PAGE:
FIG. 1 is a schematic block diagram of a hardware environment for a preferred embodiment of the present invention;
FIG. 2 is a flow chart illustrating a MAR Interface Stamp process; and
FIG. 3 is a flow chart illustrating a MAR Language Interface Run process.
The present invention will be further clarified by consideration of the following example of a preferred embodiment, which is intended to be exemplary of the present invention.
In a preferred embodiment, the present invention provides an apparatus and method as an addition to a Picture Archival and Communication System (PACS). In a preferred embodiment the invention is added to the Personal Display Station (PDS), provided by Kodak Health Imaging Systems, Inc. of Richardson, Tex. A preferred embodiment of the present invention receives digitized medical image messages based upon the protocol of American College of Radiology-National Electrical Manufacturers Association (ACR-NEMA). The present invention routes the images over a network to be viewed or edited on a work station, stored or printed. The present invention provides a multiple rule method and apparatus which automatically builds an image destination list for each image received. The destinations are based upon group elements located in the ACR-NEMA message header. The rules in the MAR programing language are selected or defined by the user, who customizes the rules to suit the specific operating environment. An example of a set of MAR rules appears in the Appendix.
The present invention enables health care facilities to automatically move images from a particular image source to multiple destinations based on a plurality of criteria such as time of day, day of week, and location, without human intervention. The user creates a MAR file of rules which guides an image to its appropriate destination. The MAR language enables a user to customize the MAR rules to the specific environment.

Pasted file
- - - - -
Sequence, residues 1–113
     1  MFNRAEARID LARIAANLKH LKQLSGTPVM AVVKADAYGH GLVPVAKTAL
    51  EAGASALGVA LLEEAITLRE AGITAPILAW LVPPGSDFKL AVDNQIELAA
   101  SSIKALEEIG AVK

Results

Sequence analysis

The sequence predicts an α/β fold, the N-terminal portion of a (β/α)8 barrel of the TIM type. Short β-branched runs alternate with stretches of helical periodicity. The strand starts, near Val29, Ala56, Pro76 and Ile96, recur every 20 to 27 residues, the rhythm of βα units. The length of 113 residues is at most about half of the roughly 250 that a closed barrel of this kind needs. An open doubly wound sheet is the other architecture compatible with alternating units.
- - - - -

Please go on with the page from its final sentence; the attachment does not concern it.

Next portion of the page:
The present invention generates a destination list in accordance with the rules in a MAR language file. A preferred embodiment receives the MAR file, designates destinations as defined by the rules in the MAR language, and routes the image according to the criteria. A preferred embodiment also considers status of the network(s) and the input sources. The present invention provides retry methods, as discussed in the related patent application entitled "Intelligent Automated Medical Image Data Routing" filed Apr. 14, 1993, Ser. No. 08/048,290, and assigned to Kodak Health Imaging Systems, Inc.
The present invention provides a simple menu driven method and apparatus to enable the user to update, delete, or create a MAR language file. After the MAR language file has been updated, an autorouter process is restarter at a specified appropriate time. Thus, images are not lost due to interruption of the process during image transmission.